The first Word but not the last

Discipleship and Imagination - Tradition and Imagination
May 18, 2001

Anthony Freeman sifts the sense and nonsense of a biblical reading.

When David Brown was installed as a canon of Durham Cathedral, he declared his allegiance to the faith that is uniquely revealed in the holy scriptures. Ten years later he has thrown down a challenge to this view of the Christian faith, arguing persuasively that the Bible is not the only source of revelation. In opposition to the usual opinion - even in Roman Catholic circles - that later tradition can only make explicit what is already implicit in the Bible, Brown insists that there can be genuinely new revealed truth. The conditions that "trigger" the new insights are as crucial to the revelatory process as the original text, and to claim that the new truth was already in the old text is distortion.

Brown's scholarship is massive without ever becoming tedious, and the range of subjects covered - art, philosophy, literature, and the history and writings of three major world religions - is awesome. Yet the central message, repeated in the course of the work, is simple: when it comes to revealed truth, "the Bible must have the first word but it need not have the last". Indeed, it must not have the last word.

The main argument is that certain truths can only come naturally to consciousness as a result of specific historical pressures. Consequently there are certain truths that have only emerged in our own time, such as the proper relation between the sexes. In this situation, giving the Bible the last word will mean scripture being distorted to produce a meaning that is acceptable to modern ears, but one that is far removed from anything that would have made sense in the original context. Christians must accept that in places the Bible simply got it wrong, and only subsequent tradition - developing and even contradicting the original text - has salvaged certain biblical stories as vehicles of divine revelation.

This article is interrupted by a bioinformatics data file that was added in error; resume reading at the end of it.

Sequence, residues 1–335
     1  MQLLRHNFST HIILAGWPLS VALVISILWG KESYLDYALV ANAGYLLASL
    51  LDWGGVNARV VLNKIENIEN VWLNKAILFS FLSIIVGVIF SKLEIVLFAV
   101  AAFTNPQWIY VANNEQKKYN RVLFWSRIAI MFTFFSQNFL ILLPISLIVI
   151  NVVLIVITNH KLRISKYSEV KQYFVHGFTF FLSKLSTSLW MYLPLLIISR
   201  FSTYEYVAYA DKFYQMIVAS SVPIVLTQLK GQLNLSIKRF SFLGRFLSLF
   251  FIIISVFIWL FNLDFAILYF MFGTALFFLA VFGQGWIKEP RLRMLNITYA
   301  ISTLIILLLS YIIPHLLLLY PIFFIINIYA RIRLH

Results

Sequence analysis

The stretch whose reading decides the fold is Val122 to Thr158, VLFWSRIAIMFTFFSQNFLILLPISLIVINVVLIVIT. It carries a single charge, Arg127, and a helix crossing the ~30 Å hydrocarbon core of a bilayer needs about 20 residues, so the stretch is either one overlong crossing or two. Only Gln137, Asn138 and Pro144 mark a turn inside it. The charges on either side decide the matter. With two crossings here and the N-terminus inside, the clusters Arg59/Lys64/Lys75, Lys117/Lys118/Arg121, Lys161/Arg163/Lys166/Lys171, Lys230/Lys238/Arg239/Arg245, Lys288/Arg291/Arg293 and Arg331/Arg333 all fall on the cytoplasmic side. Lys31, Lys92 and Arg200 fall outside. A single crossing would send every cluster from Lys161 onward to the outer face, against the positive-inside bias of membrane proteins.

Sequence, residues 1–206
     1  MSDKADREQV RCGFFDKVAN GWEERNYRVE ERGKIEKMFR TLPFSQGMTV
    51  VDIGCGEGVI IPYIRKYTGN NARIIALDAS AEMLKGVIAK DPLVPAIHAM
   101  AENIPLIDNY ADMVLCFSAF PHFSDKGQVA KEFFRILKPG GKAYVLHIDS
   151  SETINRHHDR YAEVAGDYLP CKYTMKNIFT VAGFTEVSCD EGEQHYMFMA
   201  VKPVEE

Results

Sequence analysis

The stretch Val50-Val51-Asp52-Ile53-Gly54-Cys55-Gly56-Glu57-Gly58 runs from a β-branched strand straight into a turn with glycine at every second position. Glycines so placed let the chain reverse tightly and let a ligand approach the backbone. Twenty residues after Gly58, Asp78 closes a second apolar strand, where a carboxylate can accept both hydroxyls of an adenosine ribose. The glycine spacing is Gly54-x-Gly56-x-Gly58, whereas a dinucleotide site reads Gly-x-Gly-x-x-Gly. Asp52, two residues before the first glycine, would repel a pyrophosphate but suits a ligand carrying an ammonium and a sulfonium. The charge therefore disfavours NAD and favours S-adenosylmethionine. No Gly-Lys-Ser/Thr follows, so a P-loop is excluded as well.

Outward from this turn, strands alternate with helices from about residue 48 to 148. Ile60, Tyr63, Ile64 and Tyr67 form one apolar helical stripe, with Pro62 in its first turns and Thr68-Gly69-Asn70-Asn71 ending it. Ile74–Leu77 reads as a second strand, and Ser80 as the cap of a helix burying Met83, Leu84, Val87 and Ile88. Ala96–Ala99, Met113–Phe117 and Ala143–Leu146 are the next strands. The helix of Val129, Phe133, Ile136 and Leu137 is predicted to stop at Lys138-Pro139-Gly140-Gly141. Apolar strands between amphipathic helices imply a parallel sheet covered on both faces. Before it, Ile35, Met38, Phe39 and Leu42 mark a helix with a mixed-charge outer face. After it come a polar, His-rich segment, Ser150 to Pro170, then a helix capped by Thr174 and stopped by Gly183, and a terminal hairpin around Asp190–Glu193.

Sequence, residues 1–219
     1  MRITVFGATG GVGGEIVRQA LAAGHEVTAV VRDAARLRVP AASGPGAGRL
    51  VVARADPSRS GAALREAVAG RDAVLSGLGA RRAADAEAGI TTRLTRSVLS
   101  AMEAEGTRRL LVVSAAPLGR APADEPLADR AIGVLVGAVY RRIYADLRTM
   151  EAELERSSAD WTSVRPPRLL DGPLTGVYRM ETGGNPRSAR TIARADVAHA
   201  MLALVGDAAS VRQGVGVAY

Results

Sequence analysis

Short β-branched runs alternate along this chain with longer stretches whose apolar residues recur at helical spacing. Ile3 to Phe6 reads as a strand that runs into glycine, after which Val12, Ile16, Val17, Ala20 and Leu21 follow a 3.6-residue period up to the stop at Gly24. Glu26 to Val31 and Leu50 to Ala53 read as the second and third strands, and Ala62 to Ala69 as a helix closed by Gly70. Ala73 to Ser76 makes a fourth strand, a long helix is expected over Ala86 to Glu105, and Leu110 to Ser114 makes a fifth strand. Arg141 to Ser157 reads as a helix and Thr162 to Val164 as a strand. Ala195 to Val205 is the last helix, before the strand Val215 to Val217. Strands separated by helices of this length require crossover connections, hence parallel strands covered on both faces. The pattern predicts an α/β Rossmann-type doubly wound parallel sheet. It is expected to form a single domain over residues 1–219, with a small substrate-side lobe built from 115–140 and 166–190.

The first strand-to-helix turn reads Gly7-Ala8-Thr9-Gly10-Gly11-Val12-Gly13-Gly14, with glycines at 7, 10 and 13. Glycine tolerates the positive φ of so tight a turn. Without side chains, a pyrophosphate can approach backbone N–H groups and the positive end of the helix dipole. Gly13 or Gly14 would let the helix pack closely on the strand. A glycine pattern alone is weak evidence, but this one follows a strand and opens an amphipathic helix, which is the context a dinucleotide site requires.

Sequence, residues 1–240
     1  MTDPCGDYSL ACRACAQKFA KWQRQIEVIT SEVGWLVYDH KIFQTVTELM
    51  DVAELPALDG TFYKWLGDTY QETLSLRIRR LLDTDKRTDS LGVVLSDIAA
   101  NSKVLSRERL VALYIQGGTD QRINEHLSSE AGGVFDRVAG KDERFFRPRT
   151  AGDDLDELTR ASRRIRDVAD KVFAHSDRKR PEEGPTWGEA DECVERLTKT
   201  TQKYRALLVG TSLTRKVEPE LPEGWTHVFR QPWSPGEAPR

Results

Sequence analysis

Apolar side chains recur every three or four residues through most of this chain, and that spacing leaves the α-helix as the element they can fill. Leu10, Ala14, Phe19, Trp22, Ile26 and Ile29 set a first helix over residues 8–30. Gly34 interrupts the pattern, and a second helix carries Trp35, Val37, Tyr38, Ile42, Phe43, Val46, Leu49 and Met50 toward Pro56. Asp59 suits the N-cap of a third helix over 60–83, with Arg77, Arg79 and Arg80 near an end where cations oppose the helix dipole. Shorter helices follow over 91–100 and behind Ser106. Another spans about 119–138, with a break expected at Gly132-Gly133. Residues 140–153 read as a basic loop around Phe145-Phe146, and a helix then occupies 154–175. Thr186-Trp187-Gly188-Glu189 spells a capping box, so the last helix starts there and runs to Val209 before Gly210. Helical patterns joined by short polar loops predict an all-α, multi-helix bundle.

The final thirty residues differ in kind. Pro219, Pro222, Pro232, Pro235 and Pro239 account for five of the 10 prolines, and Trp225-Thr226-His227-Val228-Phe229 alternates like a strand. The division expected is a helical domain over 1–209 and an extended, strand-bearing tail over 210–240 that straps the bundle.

An example is the sacrifice of Isaac. So long as we stick to the text of Genesis , no amount of twisting and turning can excuse the immoral behaviour of both Abraham and his God. But there is a later tradition in both Judaism and Christianity that Isaac willingly offered himself in self-sacrifice. This puts a totally different and far more acceptable complexion on the whole incident. Nor need the rewriting end there. The Koran tells the story in such a way that it is unclear which of Abraham's two sons is the intended victim, and since the 8th century the Muslim tradition has opted for Ishmael, the patriarch of the Arab nation, rather than Isaac, through whose son Jacob the Jews trace their ancestry.

There is a chilling reversal of the story's ending in Wilfred Owen's war poem "The Parable of the Old Man and the Young". Although Brown does not cite this example, it is a powerful endorsement of his thesis. Abraham stands for Europe's leaders, who "bound the youth with belts and straps, and builded parapets and trenches there" for the sake of their own egos. And when "an Angel called him out of heaven, saying, Lay not thy hand upon the lad ... Offer the Ram of Pride instead," he refused: "But the old man would not so, but slew his son, and half the seed of Europe, one by one." In 1918 this was the Word of the Lord more surely than anything in Genesis.

In the tussle between Enlightenment and postmodern approaches to text and history, David Brown argues the need to have a foot in both camps. If Christianity is to retain its basic claim to be founded upon a historical revelation, then a continuing concern with historical objectivity is essential. At the same time it must be acknowledged that narratives succeed by conveying significance and values rather than by one-to-one correspondence with historical fact.